BIMBI Aren’t you the tiniest bit tempted, professor?

HECTOR Not in the least.

Extreme close-up of the face of the David from an entirely different angle than before.

BIMBI I don’t believe you. Everyone wants to touch such beauty. Only we don’t feel worthy to.

HECTOR Speak for yourself.

BIMBI I was. I always do. Who do you speak for?

LANA OK, here goes nothing. (She puts her hand out. All she can reach is the David’s pedestal.) Oh.

BIMBI Take the picture.

Leo fumbles with the camera.

HECTOR Take the goddamn picture!

LEO What did it feel like?

LANA You were right not to touch it.

BIMBI You understand now.

LANA I felt so insignificant. Suddenly he seemed like a god.

BIMBI Michelangelo saw the god in all of us. That was his genius.

HECTOR All your life you stand for things, believe in them, rules, stop signs, one and one are two, and then someone does something as wrong, as outrageous, as putting her dirty hands on a work of pristine, sublime beauty–an artifact of the very culture of mankind–and nothing happens. The world doesn’t come to an end, the statue doesn’t collapse, no angry arm of retribution rises up to smite the miscreant down. It makes you wonder how frail all our rules and contracts are. Everything is hanging by a thread when you get right down to it. Everything.

BIMBI I think all great artists understand that, too, and their work is their protest that it should be like this.

LANA I’d like to go back to the hotel.

BIMBI We still have so much to see.

LANA Fine, I’ll walk. Is there a ladies’ room? My hands are kind of dirty.

BIMBI Just by the entrance.

LANA The next person who wants to touch the David, Bimbi: Don’t let them.

She goes.

LEO (Go after her. Now’s your chance.) I’ll go with her. Don’t worry, I’ll catch up at the next stop.

BIMBI Are you sure you’ve seen enough of the David, Mr. Sampson?

LEO Not when you say it like that. Who could?

He goes.

BIMBI Would you like to be alone with him?

HECTOR Thank you. They were kind of noisy.

BIMBI I’m afraid I was, too, Mr. Charlotte.

HECTOR It’s Hector, please.

BIMBI David does that to us. Why can’t we just look at him and be thankful? I’ll wait for you in the minibus. Our driver can get quite aggressive on the horn.

Bimbi goes.

HECTOR (What a stupid expression: minivan. They mini everything nowadays. Minivan, minibar, mini-me.) God, that expression on his face! From every angle it’s different. Sometimes so fierce, at others so noble. All depends on where you stand. I can’t believe she did that. Touched the pedestal, even. God, how Michelangelo must have loved him to make him so beautiful. I could never imagine Vi being so beautiful. As much as I loved her, I always saw her breasts as they were, too large–even from the beginning–and I had begun to look the other way when she came out of the shower and I didn’t want to see anymore how her body had thickened and sagged–not that it was ever perfect, like yours. I love you, Vi. I miss you. I don’t know what I’m doing here without you. Our bed is so empty. So is my life. I miss Andrew, too, but not like you, not like you. What has he got in his hand? What is he holding? A rock, probably. Sure, a rock. He’s David and he’s going to put the rock in his sling and clobber . . . what’s his name? Goliath! That’s it, Goliath. Steve Reeves as Goliath. Whatever happened to him? Whatever happens to all of us? We die, unnoticed, unappreciated–yes, I have good qualities, Vi knew that, maybe she was the only one. I just don’t care to share them with most people. Was that the dread minivan tooting?)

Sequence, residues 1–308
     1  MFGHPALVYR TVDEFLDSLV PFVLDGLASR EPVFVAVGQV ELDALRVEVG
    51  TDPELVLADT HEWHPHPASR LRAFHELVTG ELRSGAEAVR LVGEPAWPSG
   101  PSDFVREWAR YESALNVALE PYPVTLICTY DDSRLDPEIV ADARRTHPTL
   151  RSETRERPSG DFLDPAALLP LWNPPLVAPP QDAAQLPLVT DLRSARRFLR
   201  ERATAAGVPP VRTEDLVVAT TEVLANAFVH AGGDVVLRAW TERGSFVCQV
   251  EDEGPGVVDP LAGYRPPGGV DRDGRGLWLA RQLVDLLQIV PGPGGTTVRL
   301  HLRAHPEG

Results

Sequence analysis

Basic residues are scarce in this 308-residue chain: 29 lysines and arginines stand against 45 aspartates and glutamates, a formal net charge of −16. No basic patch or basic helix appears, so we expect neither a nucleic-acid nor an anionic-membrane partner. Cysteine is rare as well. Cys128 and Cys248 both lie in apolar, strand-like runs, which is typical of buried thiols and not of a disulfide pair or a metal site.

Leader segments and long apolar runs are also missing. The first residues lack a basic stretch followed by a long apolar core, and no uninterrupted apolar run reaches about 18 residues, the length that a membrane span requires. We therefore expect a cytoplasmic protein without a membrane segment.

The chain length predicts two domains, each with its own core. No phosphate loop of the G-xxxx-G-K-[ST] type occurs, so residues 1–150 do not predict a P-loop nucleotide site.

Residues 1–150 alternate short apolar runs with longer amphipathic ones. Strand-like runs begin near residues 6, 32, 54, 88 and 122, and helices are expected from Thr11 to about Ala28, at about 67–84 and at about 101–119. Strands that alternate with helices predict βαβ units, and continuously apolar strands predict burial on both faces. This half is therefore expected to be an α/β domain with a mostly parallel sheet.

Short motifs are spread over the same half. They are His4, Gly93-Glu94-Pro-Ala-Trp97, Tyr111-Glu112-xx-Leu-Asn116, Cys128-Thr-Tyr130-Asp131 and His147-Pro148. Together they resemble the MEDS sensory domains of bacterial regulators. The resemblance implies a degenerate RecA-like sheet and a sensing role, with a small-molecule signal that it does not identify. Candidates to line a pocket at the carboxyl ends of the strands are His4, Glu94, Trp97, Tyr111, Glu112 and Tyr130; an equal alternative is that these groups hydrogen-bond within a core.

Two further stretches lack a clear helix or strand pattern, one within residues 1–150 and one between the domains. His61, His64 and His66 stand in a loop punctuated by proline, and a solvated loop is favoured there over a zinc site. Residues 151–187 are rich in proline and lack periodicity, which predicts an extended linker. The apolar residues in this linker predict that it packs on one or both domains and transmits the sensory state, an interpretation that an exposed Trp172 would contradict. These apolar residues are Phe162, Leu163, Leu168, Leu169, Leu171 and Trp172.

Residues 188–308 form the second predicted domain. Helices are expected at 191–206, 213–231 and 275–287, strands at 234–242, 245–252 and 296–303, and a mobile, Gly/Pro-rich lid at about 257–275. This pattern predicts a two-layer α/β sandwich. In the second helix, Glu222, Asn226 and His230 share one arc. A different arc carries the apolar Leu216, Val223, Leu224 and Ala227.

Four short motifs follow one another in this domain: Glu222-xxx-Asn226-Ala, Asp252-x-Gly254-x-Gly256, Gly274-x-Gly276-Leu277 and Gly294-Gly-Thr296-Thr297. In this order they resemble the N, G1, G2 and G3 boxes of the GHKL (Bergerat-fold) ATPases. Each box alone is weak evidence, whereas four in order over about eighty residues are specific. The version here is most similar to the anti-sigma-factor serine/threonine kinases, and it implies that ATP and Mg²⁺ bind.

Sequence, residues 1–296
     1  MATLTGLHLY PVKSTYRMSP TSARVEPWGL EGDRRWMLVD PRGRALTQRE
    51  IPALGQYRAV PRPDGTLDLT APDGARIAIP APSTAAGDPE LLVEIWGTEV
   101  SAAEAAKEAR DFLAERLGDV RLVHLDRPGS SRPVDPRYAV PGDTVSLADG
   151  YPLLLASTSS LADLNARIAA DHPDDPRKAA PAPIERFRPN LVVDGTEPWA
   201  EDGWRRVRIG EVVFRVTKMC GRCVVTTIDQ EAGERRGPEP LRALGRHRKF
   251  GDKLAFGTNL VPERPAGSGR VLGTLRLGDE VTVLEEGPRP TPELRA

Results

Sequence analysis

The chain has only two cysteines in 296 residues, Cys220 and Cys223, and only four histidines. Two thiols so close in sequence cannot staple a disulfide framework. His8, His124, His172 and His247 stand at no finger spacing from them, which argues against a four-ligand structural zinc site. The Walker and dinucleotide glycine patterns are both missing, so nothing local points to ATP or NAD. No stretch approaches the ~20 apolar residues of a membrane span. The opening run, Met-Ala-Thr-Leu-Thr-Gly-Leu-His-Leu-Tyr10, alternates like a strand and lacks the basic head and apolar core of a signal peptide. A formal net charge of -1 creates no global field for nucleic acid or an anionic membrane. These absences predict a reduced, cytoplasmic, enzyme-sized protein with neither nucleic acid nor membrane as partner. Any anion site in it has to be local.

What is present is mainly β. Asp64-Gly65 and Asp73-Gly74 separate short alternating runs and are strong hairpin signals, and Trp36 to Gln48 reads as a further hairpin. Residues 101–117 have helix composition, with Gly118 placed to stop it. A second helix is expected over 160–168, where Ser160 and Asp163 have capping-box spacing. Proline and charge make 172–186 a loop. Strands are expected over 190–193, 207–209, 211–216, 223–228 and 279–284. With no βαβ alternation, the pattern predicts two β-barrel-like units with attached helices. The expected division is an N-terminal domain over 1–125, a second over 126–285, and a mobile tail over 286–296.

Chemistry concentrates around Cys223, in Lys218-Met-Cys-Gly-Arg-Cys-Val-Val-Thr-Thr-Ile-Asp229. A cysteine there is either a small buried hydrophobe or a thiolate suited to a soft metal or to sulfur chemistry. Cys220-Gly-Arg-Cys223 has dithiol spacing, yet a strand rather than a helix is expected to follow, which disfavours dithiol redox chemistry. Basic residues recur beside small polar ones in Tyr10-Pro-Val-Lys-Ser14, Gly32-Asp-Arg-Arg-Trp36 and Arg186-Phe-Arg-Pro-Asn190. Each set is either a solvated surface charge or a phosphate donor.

Leo returns.

LEO She’s a big girl. She’ll get back to the hotel. I had to take one last look. It’s so beautiful. (OK, asshole, don’t acknowledge me.)

HECTOR Yes, yes. E bello. E molto bello.

LEO You can say that again.

HECTOR We’re very lucky to have had this experience. Something to tell your grandchildren.

LEO I think I better have some children first. (He can be nice! Go figure.) I had a teacher in high school I looked up to, Mr. Moroney. He would be so happy to know I was standing here. Happy and surprised.

HECTOR Do you know whatever happened to Steve Reeves?

LEO Who?

HECTOR Sorry. Someone before your time.

Lana comes back in.

LANA You, too? One last look, hunh? I wasn’t half a block from here when I said to myself, Where are you going, Lana? You have the rest of your life ahead of you, but you may never pass this way again.

The three of them are looking at the David. They are becoming more and more statuelike themselves as they become more rapt in their concentration on the David. At the same time, the pictures of the David are getting smaller and smaller: His image is receding.

LANA I love the veins in his hands. I had a boyfriend with veins in his hands like that. Right after we broke up, this was in high school, he turned into a junkie. Life is weird.

HECTOR (I love you, Vi. You’re here with me. I feel your hand, I see your face.)

LEO (Don’t be a jerk all your life, Leo. Take something away from this. Yeah, but what? How are you supposed to explain this? Maybe you don’t have to.)

Bimbi returns.

BIMBI Il minibus sta per partire. That’s Italian for the ‘minivan is leaving.”

No one moves. Maybe we hear the minivan horn.

BIMBI (cont.) Take your time, take your time.

Lights are starting to fade.

BIMBI (cont.) It’s your tour. We have all day. May I join you?

The four of them are still looking at the David as the image of him continues to get smaller and smaller. Soon the image of the David has completely disappeared. The four of them are motionless like statues as the lights fade to black while the minivan continues to honk.


Copyright ” 2004 by Terrence McNally. Reprinted with permission from Grove Atlantic, Inc. All rights reserved.